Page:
Watch Very Closely…
“Dan Schnur, a former McCain aide who now teaches politics at the University of Southern California, said McCain and Obama learned they must stretch the truth “when staying on the high road didn’t work out to their benefit.”
McCain, he said, “tried it his way. He had a poverty tour and nobody covered it. He had a national service tour, and everybody made fun of it. He proposed these joint town halls” with Obama, “and nothing come of it. Through the spring and early summer, that approach didn’t work. You can’t blame him for taking a step back and reassessing.””
One problem with this is that it’s really not true that Obama and McCain both started stretching the truth, certainly not to the same degree. But another is the idea that we “can’t blame” John McCain for what he did.
I am a professional. (Don’t try this at home!) What I’m about to do might be just a little too tricky for the likes of Schnur. However, here goes:
I blame John McCain.
Pretty impressive, huh?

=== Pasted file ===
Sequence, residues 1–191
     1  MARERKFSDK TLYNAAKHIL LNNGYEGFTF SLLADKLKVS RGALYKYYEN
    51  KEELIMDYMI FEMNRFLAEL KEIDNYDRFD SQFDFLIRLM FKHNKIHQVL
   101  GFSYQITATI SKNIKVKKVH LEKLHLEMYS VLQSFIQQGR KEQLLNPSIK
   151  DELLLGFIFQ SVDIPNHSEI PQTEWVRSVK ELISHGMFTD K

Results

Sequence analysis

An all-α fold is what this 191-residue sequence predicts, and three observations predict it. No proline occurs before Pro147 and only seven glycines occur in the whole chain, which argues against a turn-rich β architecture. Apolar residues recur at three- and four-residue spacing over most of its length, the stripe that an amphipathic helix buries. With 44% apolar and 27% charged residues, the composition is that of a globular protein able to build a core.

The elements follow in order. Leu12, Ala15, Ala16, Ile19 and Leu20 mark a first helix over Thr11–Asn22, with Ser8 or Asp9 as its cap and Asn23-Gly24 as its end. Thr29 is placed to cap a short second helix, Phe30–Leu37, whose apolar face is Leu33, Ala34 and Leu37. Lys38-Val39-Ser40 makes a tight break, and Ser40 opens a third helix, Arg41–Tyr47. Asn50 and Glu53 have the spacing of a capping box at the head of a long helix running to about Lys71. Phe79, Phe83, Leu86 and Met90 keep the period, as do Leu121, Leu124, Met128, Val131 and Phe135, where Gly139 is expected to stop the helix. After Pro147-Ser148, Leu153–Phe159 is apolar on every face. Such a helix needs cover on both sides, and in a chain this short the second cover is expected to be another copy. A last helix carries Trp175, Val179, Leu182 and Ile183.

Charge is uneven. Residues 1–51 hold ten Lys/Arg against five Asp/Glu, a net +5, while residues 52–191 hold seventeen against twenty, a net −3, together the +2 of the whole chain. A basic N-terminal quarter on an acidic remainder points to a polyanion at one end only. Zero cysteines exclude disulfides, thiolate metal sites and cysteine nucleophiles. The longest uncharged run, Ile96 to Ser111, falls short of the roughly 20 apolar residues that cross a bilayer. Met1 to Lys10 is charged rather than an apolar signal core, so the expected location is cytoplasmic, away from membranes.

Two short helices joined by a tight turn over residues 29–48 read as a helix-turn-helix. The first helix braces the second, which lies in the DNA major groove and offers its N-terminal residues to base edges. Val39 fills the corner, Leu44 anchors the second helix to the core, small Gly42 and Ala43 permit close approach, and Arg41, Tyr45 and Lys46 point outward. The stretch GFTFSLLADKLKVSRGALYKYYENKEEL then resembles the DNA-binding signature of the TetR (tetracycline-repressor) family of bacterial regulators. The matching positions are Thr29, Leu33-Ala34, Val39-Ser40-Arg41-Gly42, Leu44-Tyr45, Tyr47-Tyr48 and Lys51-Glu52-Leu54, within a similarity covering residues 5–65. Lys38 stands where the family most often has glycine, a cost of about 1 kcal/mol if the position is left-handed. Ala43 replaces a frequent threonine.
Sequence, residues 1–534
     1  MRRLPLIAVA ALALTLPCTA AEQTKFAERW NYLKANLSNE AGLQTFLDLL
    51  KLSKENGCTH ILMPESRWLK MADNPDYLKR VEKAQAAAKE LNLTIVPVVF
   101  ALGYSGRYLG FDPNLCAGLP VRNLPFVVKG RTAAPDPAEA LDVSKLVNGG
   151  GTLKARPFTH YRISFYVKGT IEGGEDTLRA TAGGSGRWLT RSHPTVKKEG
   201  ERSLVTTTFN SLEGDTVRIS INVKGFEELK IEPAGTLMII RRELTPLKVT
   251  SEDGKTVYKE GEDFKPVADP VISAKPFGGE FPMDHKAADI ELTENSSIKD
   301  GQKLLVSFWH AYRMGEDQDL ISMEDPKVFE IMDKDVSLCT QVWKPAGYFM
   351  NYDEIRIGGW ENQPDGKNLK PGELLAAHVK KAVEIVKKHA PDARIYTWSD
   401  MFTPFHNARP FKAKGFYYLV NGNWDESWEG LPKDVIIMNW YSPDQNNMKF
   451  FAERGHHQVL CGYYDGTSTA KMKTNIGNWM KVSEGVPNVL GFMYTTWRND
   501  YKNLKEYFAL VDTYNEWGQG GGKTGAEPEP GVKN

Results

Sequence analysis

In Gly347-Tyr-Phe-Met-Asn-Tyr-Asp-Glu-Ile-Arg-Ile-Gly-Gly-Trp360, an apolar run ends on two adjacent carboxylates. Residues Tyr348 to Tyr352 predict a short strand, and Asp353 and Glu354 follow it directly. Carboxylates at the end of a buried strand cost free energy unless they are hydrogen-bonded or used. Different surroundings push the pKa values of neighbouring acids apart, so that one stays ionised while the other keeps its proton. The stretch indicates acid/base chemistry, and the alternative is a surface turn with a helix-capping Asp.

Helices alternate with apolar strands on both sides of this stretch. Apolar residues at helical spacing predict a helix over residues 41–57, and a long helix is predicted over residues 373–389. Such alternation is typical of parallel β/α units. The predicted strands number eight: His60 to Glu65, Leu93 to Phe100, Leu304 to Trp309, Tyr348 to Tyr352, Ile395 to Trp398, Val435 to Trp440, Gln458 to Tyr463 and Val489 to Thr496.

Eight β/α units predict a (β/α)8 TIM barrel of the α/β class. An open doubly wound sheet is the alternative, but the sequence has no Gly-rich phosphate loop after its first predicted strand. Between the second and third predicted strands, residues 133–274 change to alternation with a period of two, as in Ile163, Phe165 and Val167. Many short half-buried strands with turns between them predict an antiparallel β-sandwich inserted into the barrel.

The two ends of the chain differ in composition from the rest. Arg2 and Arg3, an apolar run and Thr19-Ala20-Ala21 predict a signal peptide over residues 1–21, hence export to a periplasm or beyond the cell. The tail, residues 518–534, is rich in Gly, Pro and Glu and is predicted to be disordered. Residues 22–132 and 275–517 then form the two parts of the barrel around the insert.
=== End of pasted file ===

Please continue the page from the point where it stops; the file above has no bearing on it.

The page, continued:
I take the rather quaint view that normal, competent adults are responsible for their actions. When someone picks you up and hurls you through a window, you are not responsible for the damage: you didn’t do it of your own free will. When you act out of purely innocent, non-negligent ignorance — say, by triggering a bomb that someone has rigged up without your knowledge, and that you have no reason to suspect might exist — you are not responsible either. But when you realize that you have a choice between ambition and principle, no one forces you to sacrifice your principles. That’s a choice. You are responsible for how you make it. If, like Senator McCain, you claim to care about honor, this is one of the moments that reveals whether honor, for you, is more than an empty word.
If you choose to sacrifice your principles for the sake of personal ambition, you can absolutely be blamed. I’m doing it right now.
See how easy?